The premise of their system, is that you break down the creation of letters into “lines” and “curves”. There’s a music CD with songs that teach different concepts of letter-making such as, “Where do you start the letters? At the top…” There is also a great workbook that builds the fine motor skills from coloring, to creating lines, to making letters (very preschool appropriate, though there are others available for different age/development levels). We got one copy of the workbook as part of our training, but we are not allowed to copy pages for the kids in our class. At $16+/child, it’s a bit spendy to get them for all of our students. If we were to get them for each of our preschoolers in the 4-5 year old classes, it would be over $500. I have found other printable worksheets, coloring pages, and dry erase books that work on the same skills, but would still prefer to have the HWOT books.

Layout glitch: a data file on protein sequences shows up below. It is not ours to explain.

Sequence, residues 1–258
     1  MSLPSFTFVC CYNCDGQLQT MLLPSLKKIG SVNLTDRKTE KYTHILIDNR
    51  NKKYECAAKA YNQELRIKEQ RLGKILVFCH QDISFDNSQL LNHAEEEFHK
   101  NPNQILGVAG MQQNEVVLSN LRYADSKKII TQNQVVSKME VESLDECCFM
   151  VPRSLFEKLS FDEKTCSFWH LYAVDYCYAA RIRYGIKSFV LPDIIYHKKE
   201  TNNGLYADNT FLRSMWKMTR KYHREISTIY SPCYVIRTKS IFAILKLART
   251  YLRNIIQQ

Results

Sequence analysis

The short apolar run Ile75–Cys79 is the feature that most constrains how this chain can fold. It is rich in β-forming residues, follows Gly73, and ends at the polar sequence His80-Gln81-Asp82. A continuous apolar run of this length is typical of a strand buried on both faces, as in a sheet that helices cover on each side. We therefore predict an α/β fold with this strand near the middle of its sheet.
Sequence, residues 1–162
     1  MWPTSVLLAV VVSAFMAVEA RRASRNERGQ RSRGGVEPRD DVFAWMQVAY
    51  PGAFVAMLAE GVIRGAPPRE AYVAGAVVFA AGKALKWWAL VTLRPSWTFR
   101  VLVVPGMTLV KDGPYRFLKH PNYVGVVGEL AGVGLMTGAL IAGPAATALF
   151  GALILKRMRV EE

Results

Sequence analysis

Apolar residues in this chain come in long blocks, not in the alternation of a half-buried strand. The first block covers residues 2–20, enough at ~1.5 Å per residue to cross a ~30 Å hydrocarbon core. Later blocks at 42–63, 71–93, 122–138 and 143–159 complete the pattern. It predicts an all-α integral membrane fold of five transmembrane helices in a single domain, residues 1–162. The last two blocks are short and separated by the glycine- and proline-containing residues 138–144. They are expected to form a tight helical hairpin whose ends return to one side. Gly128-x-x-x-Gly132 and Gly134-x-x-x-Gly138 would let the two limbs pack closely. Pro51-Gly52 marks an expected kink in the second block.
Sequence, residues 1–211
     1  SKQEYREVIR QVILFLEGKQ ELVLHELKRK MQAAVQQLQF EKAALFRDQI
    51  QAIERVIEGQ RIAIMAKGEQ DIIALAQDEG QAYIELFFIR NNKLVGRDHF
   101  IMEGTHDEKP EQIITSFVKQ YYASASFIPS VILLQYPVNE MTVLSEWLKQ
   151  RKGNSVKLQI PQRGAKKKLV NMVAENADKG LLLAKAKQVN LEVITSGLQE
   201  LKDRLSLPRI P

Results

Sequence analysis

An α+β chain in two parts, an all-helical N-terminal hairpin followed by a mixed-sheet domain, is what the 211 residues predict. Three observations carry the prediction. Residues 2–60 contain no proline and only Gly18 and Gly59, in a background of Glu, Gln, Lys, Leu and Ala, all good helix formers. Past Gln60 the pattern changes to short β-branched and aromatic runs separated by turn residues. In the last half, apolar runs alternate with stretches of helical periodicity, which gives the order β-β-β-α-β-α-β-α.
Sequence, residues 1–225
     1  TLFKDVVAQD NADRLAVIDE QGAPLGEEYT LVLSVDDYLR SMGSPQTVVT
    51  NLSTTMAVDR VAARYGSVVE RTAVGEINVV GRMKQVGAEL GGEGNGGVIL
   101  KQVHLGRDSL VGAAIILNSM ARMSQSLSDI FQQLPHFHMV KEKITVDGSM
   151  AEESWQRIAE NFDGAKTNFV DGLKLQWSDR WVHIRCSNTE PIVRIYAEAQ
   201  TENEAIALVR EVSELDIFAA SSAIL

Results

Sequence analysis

The only downside to HWOT, is that it is not compatible with D’Nealian. Our district still teaches D’Nealian writing. It also really only works with capital letters (at least what we learned about). Since D’Nealian doesn’t really change much for most capitals, we are still able to use their system. It also gives us an opportunity to show preschoolers different ways some letters might look, which will help them as they prepare to read next year.

One thing we learned in the training, that I did not implement, is they suggested children learn to write their names in all capital letters first. This is probably why their system mainly uses capital letters. We have been asked by the Kindergarten teachers to teach children to write their names the proper way – capital letter first, followed by lower case letters.